Above are few paragraphs from bike injury lawyer David Hay’s recent op-ed in the Vancouver Sun, 'The great debate over bike helmet laws'. There’s been quite a controversy stirred up over recent months here following news from that Vancouver will be joining more than 165 cities worldwide in getting a bike sharing system in 2013. The concern on the part of a lot of people here is that we have a provincial mandatory bike helmet law and in the two cities with bike shares and mandatory helmet use, Melbourne and Brisbane in Australia, the systems have not been very successful. Mexico City had a mandatory helmet law, but provided an exemption after the first year of their bike share system. There have been some workarounds proposed here in Vancouver, but nothing that seems like a sure thing at this point. That said, I think Hay makes a good point that the critical factors for improving safety for cyclists and making cycling a more mainstream way to get around is through better infrastructure and a change in thinking on part of drivers and cyclists alike. 

(Photo source: Open File)

From The Washington Post:

Is there anything cities can do to encourage cycling? Portland, for instance, has twice as many bike commuters per 1,000 people as Washington. But maybe that’s just because Portland has nicer weather or more young people. It’s not clear that there’s an actual policy issue here.

Yet in a new new study (PDF) in the journal Transport Policy, Ralph Buehler and John Pucher suggest that cities might actually be able to influence how many cyclists are on the road. Perhaps all they have to do is — and this shouldn’t come as a huge surprise — build more bike lanes and bike paths.

Buehler and Pucher found that the presence of off-road bike paths and on-street bike lanes were, by far, the biggest determinant of cycling rates in cities. And that’s true even after you control for a variety of other factors like how hot or cold a city is, how much rain falls, how dense the city is, how high gas prices are, the type of people that live there, or how safe it is to cycle. None of those things seem to matter quite as much. The results, the authors write, “are consistent with the hypothesis that bike lanes and bike paths encourage cycling.”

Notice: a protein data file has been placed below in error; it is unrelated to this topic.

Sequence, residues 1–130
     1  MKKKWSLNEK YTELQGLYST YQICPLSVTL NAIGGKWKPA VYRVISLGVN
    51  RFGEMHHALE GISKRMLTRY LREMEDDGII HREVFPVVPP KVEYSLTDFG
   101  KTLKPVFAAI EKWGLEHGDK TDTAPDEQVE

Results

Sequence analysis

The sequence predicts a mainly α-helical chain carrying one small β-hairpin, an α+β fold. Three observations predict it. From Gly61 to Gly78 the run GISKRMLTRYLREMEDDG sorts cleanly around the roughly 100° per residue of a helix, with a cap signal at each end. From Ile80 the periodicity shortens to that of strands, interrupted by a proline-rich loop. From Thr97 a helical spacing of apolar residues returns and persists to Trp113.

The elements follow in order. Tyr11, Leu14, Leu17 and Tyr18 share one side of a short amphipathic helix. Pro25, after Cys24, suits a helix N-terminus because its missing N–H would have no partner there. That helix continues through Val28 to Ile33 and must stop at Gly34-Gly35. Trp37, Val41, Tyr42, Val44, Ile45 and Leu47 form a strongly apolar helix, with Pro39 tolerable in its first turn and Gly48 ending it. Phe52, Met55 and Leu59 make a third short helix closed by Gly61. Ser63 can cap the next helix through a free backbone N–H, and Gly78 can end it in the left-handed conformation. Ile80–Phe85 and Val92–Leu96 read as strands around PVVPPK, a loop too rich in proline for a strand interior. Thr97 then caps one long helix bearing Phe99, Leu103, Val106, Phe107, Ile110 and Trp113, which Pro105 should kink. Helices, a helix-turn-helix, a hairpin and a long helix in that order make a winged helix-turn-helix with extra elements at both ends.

Check out the rest of the article here. You can read more coverage of the study here, here and here

(Photo credit: Atlantic Cities)

Here’s a shot of one of the bike specific traffic signals on the Hornby Street separated bike lane in downtown Vancouver. The signals guide cyclists across busy intersections and help to avoid conflicts with motorists and pedestrians. Details here.                                                      
-> i’ve got some more photos here if you’re interested.

Here’s a shot of one of the bike specific traffic signals on the Hornby Street separated bike lane in downtown Vancouver. The signals guide cyclists across busy intersections and help to avoid conflicts with motorists and pedestrians. Details here.                                                      

-> i’ve got some more photos here if you’re interested.